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Law School Case Brief

Baskurt v. Beal - 101 P.3d 1041 (Alaska 2004)


Even where a foreclosure sale price is not grossly inadequate, a low price coupled with some other irregularity in the foreclosure proceeding can be sufficient to render the sale voidable. While mere inadequacy of price has rarely been held sufficient in itself to justify setting aside a judicial sale of property, courts are not slow to seize upon other circumstances impeaching the fairness of the transaction as a cause for vacating it, especially if the inadequacy be so gross as to shock the conscience. If the sale has been attended by any irregularity, as if: (1) several lots have been sold in bulk, where they should have been sold separately, or sold in such manner that their full value could not be realized; (2) if bidders have been kept away; (3) if any undue advantage has been taken to the prejudice of the owner of the property, or he has been lulled into a false security; or (4) if the sale had been collusively, or in any other manner, conducted for the benefit of the purchaser, and the property has been sold at a greatly inadequate price, the sale may be set aside, and the owner may be permitted to redeem.


Annette Beal purchased two adjoining parcels of property in 1991 for $95,000 and $135,000, respectively. The promissory notes on the two parcels were secured by a single deed of trust covering both parcels. In 1994, Annette paid off the $95,000 note. In 1999, Annette defaulted on the $26,780.81 debt remaining on the other note. The trustee under the deed of trust foreclosed on both parcels. Sarah Baskurt, Robert Wainscott, and Allen Rosenthal purchased the property at the foreclosure sale for $26,781.81, one dollar over the remaining debt on the property. Thereafter, Annette filed a complaint against Baskurt, Wainscott, Rosenthal, McAlpine, and Land Title seeking to have the foreclosure sale set aside. Baskurt, Wainscott, and Rosenthal subsequently moved for summary judgment, arguing there was no basis for setting aside the sale. Purchasers' motion for summary judgment was denied because a question of fact remained whether "the parties intended for both parcels to be subject to foreclosure upon default of one note when the other note had been satisfied." After a three-day bench trial, the superior court set aside the foreclosure sale as both void and voidable. The purchasers appealed.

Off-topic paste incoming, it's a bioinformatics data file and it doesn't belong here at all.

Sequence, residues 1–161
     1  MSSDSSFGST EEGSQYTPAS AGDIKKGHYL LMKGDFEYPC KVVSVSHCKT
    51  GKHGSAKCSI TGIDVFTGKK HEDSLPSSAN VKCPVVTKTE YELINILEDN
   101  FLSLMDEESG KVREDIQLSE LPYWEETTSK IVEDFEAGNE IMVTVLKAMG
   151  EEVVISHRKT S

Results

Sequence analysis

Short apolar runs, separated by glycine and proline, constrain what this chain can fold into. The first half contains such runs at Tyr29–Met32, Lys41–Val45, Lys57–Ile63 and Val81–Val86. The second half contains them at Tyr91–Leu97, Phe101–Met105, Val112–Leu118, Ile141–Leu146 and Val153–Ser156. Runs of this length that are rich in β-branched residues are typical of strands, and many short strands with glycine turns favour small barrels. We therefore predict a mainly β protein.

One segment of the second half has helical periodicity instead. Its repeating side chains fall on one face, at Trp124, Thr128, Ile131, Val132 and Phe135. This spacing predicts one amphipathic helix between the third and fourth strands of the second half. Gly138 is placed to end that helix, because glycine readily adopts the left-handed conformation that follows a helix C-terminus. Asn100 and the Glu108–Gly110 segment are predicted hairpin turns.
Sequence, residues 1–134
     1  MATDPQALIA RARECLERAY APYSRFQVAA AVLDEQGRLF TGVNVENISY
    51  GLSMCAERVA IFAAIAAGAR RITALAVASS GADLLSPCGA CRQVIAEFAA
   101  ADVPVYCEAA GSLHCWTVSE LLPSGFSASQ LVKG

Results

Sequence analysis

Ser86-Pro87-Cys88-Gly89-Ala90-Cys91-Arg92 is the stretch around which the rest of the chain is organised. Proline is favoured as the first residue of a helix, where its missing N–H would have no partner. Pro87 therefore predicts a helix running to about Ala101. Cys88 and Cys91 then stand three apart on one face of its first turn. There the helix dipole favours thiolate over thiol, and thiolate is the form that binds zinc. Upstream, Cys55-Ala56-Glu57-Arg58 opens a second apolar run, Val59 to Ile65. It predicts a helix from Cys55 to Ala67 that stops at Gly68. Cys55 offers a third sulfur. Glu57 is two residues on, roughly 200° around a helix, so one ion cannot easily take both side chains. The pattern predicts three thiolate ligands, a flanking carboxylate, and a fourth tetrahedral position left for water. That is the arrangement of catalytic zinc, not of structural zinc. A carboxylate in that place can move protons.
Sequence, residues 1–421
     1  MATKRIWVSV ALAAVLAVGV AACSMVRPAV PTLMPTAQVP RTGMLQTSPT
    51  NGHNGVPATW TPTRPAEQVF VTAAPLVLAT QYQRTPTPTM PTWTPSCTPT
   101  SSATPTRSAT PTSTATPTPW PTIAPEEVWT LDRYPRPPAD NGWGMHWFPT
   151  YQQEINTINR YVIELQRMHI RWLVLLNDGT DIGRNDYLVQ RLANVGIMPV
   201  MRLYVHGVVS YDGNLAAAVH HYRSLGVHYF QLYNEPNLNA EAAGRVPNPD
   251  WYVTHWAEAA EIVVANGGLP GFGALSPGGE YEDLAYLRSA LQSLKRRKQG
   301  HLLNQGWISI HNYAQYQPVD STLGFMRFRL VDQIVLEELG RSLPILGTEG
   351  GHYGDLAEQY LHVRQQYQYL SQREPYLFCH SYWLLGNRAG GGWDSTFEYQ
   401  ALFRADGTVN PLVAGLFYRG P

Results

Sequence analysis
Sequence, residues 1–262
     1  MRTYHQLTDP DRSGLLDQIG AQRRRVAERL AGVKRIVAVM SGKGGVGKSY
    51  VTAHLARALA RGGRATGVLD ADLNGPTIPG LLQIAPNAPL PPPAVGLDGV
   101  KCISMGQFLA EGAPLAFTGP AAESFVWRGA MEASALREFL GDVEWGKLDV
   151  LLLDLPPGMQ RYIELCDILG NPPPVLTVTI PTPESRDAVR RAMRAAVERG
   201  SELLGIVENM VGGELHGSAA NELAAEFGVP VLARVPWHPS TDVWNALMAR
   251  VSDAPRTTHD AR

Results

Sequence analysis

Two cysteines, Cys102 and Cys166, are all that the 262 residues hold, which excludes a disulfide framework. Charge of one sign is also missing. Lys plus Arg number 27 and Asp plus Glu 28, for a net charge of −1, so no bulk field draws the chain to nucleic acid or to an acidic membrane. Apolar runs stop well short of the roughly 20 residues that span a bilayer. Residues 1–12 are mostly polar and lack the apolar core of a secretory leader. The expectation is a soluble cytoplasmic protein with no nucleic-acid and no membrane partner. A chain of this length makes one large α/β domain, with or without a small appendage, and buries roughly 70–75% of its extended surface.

Should the foreclosure sale be invalidated under Alaska Stat. § 34.20.070 because the inadequacy of the sale price? 




The Supreme Court of Alaska noted that the foreclosure sale purchase price of $26,781 was grossly inadequate when compared to the market value of the property, which was $225,000 in 1991. Moreover, the Court found that by conducting the sale in bulk rather than selling only one parcel, the trustee failed in her duty to act reasonably to protect the debtor's interests in such a way as not to sacrifice the debtor's property. Coupled with the inadequacy of the price, the trustee's unreasonable failure to sell only one parcel initially justified invalidating the sale.

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